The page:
As time passed I was slowly able to piece things together again but it was really weird, I would just be eating cereal and then suddenly: “Oh yeah I studied psychology for 2 years at university!” Then boom. A whole aspect of my life came back into my brain. This happened almost continuously for a couple of months.
I couldn’t have caffeine, or anything that might stress out or change my heartbeat until I went for a follow up in December to confirm there weren’t any permanent issues caused. Which luckily there were not! I’m fine now but I would say it was 4 months before I really felt like me again. And I never got those 2 weeks before the overdose back, I’m still not sure if it was accidental or on purpose. But there you go.
9. “I felt I was in there for months”
My coma hallucinations were pretty bad, I kept trying to fight everyone, everyone (friends, family and doctors) was out to hurt or humiliate me to the point they strapped me to the bed so I wouldn’t hurt anyone or myself. When I finally stopped hallucinating, I was so tired of running away, and fighting (think inception, or dreams, I felt I was in there for months), that I didn’t even care much for the fact I had lost an arm, I was just glad it was over.
10. “Like emerging from deep waters”
I was in and out of a coma for about two weeks. I say about because I don’t actually know how long, I was never told the exact amount of time. I had a life-threatening case of internal bleeding caused by clostridium difficile and sepsis. The first few days was a genuine coma, after that it was induced by the doctors with ketamine.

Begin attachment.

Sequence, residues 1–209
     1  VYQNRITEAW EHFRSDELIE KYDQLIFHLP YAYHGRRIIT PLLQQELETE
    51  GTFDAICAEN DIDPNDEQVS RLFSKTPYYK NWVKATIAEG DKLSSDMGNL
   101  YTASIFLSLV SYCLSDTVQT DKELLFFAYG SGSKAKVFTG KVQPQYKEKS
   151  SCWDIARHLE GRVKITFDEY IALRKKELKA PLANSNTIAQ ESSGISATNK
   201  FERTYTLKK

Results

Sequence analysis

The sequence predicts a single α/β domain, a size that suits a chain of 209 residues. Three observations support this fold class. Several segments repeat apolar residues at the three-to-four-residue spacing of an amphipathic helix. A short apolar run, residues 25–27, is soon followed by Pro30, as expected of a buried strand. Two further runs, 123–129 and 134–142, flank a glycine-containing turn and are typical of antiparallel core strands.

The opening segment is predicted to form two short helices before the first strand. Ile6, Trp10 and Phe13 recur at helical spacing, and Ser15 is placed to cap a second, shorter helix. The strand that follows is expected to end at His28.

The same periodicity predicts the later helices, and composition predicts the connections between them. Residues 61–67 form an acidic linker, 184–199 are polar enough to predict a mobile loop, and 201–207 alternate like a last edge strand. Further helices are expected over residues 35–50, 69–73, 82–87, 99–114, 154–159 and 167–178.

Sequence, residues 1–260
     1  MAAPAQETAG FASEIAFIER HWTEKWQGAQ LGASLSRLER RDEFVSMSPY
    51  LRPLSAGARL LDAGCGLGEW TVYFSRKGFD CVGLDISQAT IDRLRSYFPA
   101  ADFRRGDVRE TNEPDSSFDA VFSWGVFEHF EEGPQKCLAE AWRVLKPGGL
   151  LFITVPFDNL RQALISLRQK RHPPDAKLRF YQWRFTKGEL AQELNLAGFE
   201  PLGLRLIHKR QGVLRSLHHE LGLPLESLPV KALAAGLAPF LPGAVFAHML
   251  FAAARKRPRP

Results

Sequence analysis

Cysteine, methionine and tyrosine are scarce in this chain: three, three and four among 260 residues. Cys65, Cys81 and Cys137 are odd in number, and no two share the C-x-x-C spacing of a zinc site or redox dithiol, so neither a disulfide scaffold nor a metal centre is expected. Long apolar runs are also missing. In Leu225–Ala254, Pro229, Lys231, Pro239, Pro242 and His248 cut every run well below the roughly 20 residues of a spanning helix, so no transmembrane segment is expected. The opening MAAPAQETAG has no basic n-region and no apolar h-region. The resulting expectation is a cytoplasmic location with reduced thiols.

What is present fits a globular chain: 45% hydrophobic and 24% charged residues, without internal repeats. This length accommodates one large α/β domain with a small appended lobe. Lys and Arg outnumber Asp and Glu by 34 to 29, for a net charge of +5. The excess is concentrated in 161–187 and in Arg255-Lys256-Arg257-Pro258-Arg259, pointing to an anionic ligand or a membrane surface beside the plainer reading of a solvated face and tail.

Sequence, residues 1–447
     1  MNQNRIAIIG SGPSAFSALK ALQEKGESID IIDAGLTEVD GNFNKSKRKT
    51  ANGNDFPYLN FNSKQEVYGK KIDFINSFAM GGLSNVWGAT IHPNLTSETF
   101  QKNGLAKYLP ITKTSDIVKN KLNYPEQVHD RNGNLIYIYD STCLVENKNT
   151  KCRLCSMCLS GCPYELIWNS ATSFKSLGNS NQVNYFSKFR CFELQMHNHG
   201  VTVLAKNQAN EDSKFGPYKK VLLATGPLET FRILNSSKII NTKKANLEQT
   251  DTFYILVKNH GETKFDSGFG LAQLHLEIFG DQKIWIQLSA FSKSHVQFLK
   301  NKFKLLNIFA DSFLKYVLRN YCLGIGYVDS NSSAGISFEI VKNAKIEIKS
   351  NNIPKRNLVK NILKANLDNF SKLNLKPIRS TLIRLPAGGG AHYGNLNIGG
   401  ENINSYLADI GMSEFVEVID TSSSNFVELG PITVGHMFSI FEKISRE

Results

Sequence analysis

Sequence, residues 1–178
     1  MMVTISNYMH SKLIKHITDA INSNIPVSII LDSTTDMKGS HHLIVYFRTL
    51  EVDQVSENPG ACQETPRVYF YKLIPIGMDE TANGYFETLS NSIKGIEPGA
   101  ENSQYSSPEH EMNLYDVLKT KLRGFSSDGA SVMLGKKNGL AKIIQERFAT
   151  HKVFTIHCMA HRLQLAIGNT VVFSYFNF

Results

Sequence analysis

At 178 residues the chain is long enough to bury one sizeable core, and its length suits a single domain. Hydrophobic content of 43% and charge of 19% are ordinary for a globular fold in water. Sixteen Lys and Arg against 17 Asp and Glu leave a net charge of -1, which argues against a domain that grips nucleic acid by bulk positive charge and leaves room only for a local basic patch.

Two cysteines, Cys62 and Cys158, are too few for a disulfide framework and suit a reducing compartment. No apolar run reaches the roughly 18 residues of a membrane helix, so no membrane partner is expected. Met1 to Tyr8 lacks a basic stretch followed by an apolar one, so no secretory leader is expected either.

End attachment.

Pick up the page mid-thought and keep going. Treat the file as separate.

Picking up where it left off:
Waking up was kind of like emerging from deep waters. It took me a few days to actually be fully aware, I attribute that to the meds. Before that, it felt like time was skipping at random.
The last proper memory I had was being surrounded by doctors on a table with these insanely bright high-powered lights pointed at me. I was sweating from the heat of them but still felt like I was freezing, because of all the blood I’d lost.
After that I was out for at least a week, then I started to come round for a few moments at a time. I remember looking down and seeing two catheter lines in both my arms and two in my chest. They’d ran out of space so they even put one in my foot. As they slowly lowered the dosage of tranquilizers I woke up more and more, downside of that being that I could suddenly feel all the pain I’d been too doped up to register until then. That was fun.
11. “It almost felt like going back in time”
Apparently I was unconscious for two days, but forgot almost the entire week. The following month is just a haze due to painkillers and multiple surgeries. It almost felt like going back in time. I had just started my first week of college and was staying in the dorms. Once I started having clear memories again I was living back at home, had no job, and spent my days doing nothing but wallowing in pain and depression. Like freshmen year of high school all over again, plus pain.